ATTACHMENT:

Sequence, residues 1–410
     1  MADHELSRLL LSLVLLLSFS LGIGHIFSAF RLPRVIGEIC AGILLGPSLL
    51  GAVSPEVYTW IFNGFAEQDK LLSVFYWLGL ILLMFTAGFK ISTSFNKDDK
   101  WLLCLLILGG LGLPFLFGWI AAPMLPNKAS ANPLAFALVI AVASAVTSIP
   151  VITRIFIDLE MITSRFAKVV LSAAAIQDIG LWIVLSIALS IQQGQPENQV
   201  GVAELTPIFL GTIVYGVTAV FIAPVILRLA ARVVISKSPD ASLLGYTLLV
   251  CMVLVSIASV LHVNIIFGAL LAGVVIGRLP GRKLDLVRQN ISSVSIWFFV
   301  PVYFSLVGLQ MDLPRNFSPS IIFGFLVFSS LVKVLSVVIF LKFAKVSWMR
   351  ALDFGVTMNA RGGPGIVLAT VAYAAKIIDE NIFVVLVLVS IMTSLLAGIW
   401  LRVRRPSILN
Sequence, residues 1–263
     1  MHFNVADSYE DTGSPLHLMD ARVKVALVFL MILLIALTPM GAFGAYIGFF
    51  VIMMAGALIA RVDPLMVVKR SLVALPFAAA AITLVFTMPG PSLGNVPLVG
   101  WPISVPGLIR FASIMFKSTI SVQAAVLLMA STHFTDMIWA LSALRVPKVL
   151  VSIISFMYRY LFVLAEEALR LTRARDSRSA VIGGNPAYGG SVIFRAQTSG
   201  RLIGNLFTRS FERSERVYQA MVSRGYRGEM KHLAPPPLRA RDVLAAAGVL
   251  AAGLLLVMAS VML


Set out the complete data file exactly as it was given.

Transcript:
Sequence, residues 1–410
     1  MADHELSRLL LSLVLLLSFS LGIGHIFSAF RLPRVIGEIC AGILLGPSLL
    51  GAVSPEVYTW IFNGFAEQDK LLSVFYWLGL ILLMFTAGFK ISTSFNKDDK
   101  WLLCLLILGG LGLPFLFGWI AAPMLPNKAS ANPLAFALVI AVASAVTSIP
   151  VITRIFIDLE MITSRFAKVV LSAAAIQDIG LWIVLSIALS IQQGQPENQV
   201  GVAELTPIFL GTIVYGVTAV FIAPVILRLA ARVVISKSPD ASLLGYTLLV
   251  CMVLVSIASV LHVNIIFGAL LAGVVIGRLP GRKLDLVRQN ISSVSIWFFV
   301  PVYFSLVGLQ MDLPRNFSPS IIFGFLVFSS LVKVLSVVIF LKFAKVSWMR
   351  ALDFGVTMNA RGGPGIVLAT VAYAAKIIDE NIFVVLVLVS IMTSLLAGIW
   401  LRVRRPSILN
Sequence, residues 1–263
     1  MHFNVADSYE DTGSPLHLMD ARVKVALVFL MILLIALTPM GAFGAYIGFF
    51  VIMMAGALIA RVDPLMVVKR SLVALPFAAA AITLVFTMPG PSLGNVPLVG
   101  WPISVPGLIR FASIMFKSTI SVQAAVLLMA STHFTDMIWA LSALRVPKVL
   151  VSIISFMYRY LFVLAEEALR LTRARDSRSA VIGGNPAYGG SVIFRAQTSG
   201  RLIGNLFTRS FERSERVYQA MVSRGYRGEM KHLAPPPLRA RDVLAAAGVL
   251  AAGLLLVMAS VML